Lion’s Heart Park City reaches a milestone of more than 10,000 volunteer hours
Enrollment is now open for the next school year
In 2016, Parkite Karla Olson formed the Park City chapter of Lion’s Heart, a countrywide organization that champions teen volunteering for national and local nonprofits.
By 2018, Park City’s Lion’s Heart groups achieved a milestone of 2,000 volunteer hours, and last week, the volunteer hours peaked at 10,040.
What makes this achievement more meaningful is that a handful of these students have been with Lion’s Heart from the very beginning, and they are now graduating, Olson said.
“I’m so proud they stuck with it,” Karla Olson said. “I feel like we’re sending these well-rounded, aware, empathetic, kind and empowered kids out into the world.”
On May 22, the Park City Lion’s Heart chapter celebrated a year-end celebration and handed out awards to the senior class, Olson said.
Of these students — Tyler Gallwas, Gabriel Hopkins, Bodi Marzka, Blake Matamoros, Sydney Bruemmer, Alli Macuga, Riley Olson (Olson’s daughter) and Claire Schmid earned the Golden Lion Award, which is given to seniors who started in sixth grade.
To qualify for the golden lion award, students need to be an active member of Lion’s Heart for six consecutive years and have accrued at least 150 service hours, Olson said.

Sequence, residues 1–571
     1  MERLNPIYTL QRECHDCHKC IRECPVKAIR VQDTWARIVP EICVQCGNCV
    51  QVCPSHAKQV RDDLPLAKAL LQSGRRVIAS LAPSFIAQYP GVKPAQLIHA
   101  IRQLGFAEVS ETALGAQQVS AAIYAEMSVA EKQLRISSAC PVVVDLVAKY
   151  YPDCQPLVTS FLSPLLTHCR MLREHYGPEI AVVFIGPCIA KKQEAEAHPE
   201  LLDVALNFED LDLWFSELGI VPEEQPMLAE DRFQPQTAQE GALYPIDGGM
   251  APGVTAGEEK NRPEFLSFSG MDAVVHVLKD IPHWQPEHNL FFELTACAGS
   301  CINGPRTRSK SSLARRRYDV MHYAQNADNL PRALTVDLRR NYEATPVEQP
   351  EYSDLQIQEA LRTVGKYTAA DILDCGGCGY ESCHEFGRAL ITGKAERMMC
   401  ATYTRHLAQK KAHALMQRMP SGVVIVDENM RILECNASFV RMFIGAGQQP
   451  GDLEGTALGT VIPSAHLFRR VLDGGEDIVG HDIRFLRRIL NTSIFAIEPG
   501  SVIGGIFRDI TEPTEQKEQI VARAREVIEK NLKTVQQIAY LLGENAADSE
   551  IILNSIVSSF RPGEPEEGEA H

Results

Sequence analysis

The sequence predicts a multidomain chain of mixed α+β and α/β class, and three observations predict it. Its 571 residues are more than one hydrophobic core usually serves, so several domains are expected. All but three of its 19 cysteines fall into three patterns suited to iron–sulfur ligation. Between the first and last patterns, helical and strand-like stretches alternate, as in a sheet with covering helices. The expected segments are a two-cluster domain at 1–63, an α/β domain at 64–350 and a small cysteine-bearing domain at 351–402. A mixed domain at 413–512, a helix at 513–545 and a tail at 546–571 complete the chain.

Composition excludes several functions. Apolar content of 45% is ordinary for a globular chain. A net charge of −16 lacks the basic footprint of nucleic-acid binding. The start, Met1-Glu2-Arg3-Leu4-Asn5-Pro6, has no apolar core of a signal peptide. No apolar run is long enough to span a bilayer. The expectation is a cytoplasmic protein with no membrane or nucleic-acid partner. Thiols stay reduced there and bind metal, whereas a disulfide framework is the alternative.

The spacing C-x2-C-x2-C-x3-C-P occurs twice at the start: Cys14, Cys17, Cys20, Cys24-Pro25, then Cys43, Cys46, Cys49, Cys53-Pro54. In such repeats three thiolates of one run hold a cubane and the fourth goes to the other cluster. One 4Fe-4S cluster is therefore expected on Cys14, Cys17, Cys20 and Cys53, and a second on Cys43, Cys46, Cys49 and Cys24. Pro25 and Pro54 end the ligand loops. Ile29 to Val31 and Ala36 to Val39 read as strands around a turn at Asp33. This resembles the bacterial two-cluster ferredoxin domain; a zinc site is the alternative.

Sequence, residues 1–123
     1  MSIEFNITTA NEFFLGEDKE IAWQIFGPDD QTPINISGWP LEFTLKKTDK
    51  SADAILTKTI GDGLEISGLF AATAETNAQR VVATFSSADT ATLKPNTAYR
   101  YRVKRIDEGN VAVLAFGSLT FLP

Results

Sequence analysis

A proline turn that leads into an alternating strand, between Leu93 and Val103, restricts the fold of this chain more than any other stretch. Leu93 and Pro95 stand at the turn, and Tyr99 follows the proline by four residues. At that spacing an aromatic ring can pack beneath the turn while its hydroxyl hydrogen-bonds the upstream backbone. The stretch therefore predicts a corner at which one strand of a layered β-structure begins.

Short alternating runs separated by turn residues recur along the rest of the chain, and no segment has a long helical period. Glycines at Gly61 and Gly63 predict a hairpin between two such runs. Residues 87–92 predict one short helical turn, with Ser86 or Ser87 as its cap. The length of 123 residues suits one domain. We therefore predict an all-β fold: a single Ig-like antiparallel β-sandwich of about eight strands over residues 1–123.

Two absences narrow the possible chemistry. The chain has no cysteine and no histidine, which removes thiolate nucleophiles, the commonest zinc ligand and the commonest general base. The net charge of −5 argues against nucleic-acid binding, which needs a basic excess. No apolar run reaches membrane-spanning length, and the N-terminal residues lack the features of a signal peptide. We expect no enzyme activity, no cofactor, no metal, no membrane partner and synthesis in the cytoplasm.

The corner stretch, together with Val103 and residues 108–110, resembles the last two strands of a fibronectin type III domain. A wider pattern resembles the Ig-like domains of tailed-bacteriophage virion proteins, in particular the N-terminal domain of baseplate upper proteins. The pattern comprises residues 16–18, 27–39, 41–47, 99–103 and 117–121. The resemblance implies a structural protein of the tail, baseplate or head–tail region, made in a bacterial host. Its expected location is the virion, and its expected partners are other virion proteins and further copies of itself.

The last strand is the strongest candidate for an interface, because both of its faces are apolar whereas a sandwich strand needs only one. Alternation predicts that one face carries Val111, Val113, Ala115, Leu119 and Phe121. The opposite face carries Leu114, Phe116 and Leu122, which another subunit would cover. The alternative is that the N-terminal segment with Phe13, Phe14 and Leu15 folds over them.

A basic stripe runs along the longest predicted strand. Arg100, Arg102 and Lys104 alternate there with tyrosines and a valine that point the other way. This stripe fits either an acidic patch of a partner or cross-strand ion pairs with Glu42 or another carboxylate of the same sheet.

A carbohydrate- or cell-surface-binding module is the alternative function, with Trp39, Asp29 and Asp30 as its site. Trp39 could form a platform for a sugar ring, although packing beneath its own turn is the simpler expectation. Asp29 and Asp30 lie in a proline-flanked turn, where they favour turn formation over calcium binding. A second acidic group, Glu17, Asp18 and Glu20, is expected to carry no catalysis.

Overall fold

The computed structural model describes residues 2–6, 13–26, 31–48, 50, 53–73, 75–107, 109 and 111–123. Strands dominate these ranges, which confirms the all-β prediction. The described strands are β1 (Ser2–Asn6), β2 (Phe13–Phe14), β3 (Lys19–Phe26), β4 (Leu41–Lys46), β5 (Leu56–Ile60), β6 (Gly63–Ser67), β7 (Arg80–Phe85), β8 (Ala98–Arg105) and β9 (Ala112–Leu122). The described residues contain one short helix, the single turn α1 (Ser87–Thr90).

Adding to the awards total, five senior girls — Emma and Hannah Smoak, Hillary Fox, Calry McAleer and Sofia Bernasconi received special recognition for their consistent volunteer work throughout the years.
Another senior, Josie Johnson, who is currently training for Women’s Downhill ski jumping, received the Lion’s Heart TOBY Award, Olson said.
The TOBY, which is an acronym for Think of Others Before Yourself, is awarded to a Lion’s Heart individual, an entire group, or a group of members who may not necessarily be in the same group in grades 6-11 who go above and beyond volunteer expectations.
Members and groups of members are nominated each year through the Lion’s Heart website by people who know them best, including their class coordinator, chapter president, peers, teachers and family, Olson said.
“This is so impressive because (Josie) has been all over the world training, and still always shows up for Lionsheart with a great attitude and smile,” she said.
Lion’s Heart was founded in 2004 by Terry Corwin, and Olson started the Park City Chapter of Lion’s Heart in 2016 with the goal to give local students an opportunity to give back to the community.
“I think these kids have so much to give back, but they don’t know where to start,” she said. “Sometimes all it takes is just a road map to do that, and Lion’s Heart is that beautiful road map. It shows how they can make volunteering a part of their everyday lives.”